Sina JP Rizal at Kingpin Asiong sa Buhay KoJanuary 1, 2012
As the year starts, I want to reflect on Jose “Pepe” Rizal and Nicasio “Asiong” Salonga – ang 2 Astig na kumuha sa oras at panahon ko noong 2011. From the time I started working on the films focused on them, they automatically became part of my subconscious…my being, having been part of the team that helped in resurrecting their acitvities. I am still in fact, still unfinished with my Jose Rizal film.
Salonga, the Manila Kingpin, and Dr. Jose Rizal, the Renaissance Man cannot be compared, SHOULD NOT be compared. But I have reason to compare the two because I got involved in glorifying both…as editor of the DIRECTOR’S CUT of the first, [Tikoy Aguiluz’s version]; and as director-editor of the 50-min medium length film, A mi Patria /Inang-Bayan featuring Rizal’s poems, including Mi Ultimo Adios. The poems were all interpreted for the first time in Filipino Sign Language [The FSL version of Ultimo Adios is the 132nd translation since 1897]. Both were shot in digital format: the first used Alexa, the latest pro-cam; the second used simple DSLR’s, Canon 7D and 5D. The first spent P75M to produce; the latter, less that P1M. Technically, they too should not be compared at all because of that. The first is outright commercial; the latter, purely educational. Should I stop comparing the two??? Of course not! I have just began.
It was in summer 2011 when I started alternately working on Manila Kingpin: The Asiong Salonga Story; and A mi Patria. Why since summer? Because I was asked by Tikoy to join him in the pre-production of the film, that is, from studying the incomplete script, storyboarding the OK’d scenes, and brainstorming with him and the writer, Rey Ventura on the story ideas which Tikoy wanted added to the film. All the new ideas you find in the film— the calesa chase, the fight at the lahar-looking zone they call Magdalena, the prison scenes with Guardame, etc. all came from Tikoy’s fertile mind. Those were his ideas, not the writers nor the producers.
Asiong Salonga was a gangster, a badass; Dr. Jose Rizal was a scholar, a well-educated man. But both are heroes: Asiong Salonga to Tondeños during his lifetime; Rizal to all Filipinos, not only in Manila where Tondo is located but wherever there are Filipinos in the world, during his lifetime until now. Asiong’s life has been filmed four times; Rizal, many times over of course since he lived 150 years ago. The first film on him was made in 1912; the latest and the one that would inarguably be the film that will come out a hundred years hence is what we are doing now, in digital form though.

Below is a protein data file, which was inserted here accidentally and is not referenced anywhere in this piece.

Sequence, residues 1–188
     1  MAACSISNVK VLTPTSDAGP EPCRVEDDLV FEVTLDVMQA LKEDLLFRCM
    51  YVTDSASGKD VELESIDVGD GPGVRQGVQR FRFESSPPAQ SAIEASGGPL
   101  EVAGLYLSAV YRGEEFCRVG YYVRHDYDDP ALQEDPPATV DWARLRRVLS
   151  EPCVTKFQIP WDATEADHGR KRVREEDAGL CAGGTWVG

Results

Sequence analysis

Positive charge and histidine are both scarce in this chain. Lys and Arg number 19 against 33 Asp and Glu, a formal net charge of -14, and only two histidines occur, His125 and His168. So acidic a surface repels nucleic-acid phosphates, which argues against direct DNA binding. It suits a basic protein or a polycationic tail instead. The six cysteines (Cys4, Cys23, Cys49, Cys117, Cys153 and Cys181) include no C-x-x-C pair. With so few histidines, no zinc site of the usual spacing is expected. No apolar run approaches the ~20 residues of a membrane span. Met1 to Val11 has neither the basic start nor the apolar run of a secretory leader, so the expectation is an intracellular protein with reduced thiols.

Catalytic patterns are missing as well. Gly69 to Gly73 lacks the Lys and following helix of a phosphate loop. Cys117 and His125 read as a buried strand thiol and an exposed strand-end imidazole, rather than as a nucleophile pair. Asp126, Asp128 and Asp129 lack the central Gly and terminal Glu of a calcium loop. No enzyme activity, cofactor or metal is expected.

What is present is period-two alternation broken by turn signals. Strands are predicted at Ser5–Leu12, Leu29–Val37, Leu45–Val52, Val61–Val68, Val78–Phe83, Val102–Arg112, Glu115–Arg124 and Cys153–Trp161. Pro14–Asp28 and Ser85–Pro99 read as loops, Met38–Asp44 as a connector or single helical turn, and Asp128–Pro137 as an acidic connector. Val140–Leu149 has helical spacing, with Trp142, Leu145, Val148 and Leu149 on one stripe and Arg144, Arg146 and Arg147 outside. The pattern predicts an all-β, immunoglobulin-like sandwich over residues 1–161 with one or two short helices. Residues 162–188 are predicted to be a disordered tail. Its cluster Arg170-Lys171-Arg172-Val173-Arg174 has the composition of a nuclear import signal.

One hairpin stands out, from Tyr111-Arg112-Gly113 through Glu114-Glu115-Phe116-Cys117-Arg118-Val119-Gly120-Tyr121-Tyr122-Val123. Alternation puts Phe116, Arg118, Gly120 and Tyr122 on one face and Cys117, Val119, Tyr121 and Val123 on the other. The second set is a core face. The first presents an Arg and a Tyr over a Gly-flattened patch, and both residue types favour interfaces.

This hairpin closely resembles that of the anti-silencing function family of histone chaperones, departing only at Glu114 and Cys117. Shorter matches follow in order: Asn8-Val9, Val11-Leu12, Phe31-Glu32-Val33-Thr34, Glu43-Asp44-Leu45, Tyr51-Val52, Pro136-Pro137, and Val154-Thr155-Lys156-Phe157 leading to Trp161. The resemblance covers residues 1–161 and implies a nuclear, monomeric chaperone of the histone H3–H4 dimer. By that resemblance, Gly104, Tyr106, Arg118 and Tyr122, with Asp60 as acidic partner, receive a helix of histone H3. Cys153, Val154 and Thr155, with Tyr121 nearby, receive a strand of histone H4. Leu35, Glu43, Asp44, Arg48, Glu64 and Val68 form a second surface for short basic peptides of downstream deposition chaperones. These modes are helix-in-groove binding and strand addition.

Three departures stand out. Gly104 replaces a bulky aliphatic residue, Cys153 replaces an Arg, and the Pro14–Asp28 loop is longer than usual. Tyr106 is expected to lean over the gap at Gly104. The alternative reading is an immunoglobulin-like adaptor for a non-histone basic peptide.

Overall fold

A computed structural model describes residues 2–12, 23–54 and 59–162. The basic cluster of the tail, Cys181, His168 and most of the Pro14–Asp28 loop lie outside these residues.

Both of them lived not too long in this world: Asiong died at the age of 28, some says at the age of 27; Rizal at the age of 35. Both were killed by a bullet: Asiong was assassinated by Erning Toothpick; Rizal by a firing squad consisting of 8 Filipino soldiers working for the Spanish government. Asiong was shot behind the back by Erning; Rizal was ordered to turn his back and face the sea towards Cavite. Rizal died facing the sky; in Kingpin, Asiong fell with his face towards the ceiling since it was shot indoors [Director’s Cut version]. In the film, he died in the morgue. In reality, Asiong was reported to have been killed in front of a store. Both were killed in Manila: Asiong in Tondo; Rizal in Bagumbayan,now Luneta. The GUN was Asiong’s weapon; the PEN was Rizal’s. Asiong used violence to become what he was: feared but said to have a good heart for the poor; Rizal used non-violence, and wasn’t sold to the idea of a revolution without preparations- but feared by the Spanish government because of his mighty pen that sparked the revolution. Both were jailed, and both continue to be models and inspirations to whosoever fancy themselves to be like any of the two. Gov Jeorge Estregan loved Asiong’s character so much that he wanted to remind the present generation of Filipinos about Asiong. He already made one in 1991 but again spent millions with SCI to produce it. I am making a small film that will preserve Rizal’s poems in sign language – the first-ever in Philippine history – to remind all Filipinos of his greatness and nationalism with a budget equivalent to the value of making a day’s sequence [a couple of days at the most] of Manila Kingpin.
In the editing room while watching tons of footages of Asiong Salonga in the making, I couldn’t help but muse on the above thoughts. When told that in editing out a scene, I should consider that P500K will be thrown away so just trim the scene here and there, I couldn’t help but think on how I struggle to raise that amount to be able to make a decent film that will glorify the thoughts and wisdom of a great, inspiring and learned man. But I did despite odds! And responses, especially of the Rizal descendants are my gauge in shouting to the world that — yes! the Deaf succeeded in getting their message through – that FSL can possibly touch the hearts and minds even of the hearing viewers too, as exemplified by ULTIMO ADIOS; that FSL is indeed beautiful and Deaf Filipino poetry is possible; that FSL should be recognized as medium of instruction to Deaf students because it is their VOICE.
Sino talaga ASTIG: Si Asiong o si Pepe? Interestingly, both were on the front pages of the newspapers when they died…bongga sila nang mamatay! The only difference being the fact that there is not one monument in honor of Asiong in the Philippines. Well, I am not aware of any. Can anyone tell me if there is one so we can post it here? Rizal monuments and markers can be found in almost all places in the Philippines, even abroad. ULTIMO ADIOS and the 50-min FSL film INANG BAYAN / A MI PATRIA are the simple monuments that I built in honor of Dr. Jose Rizal, a great man for all seasons, for all peoples…in celebration of his 150th Birth Anniversary.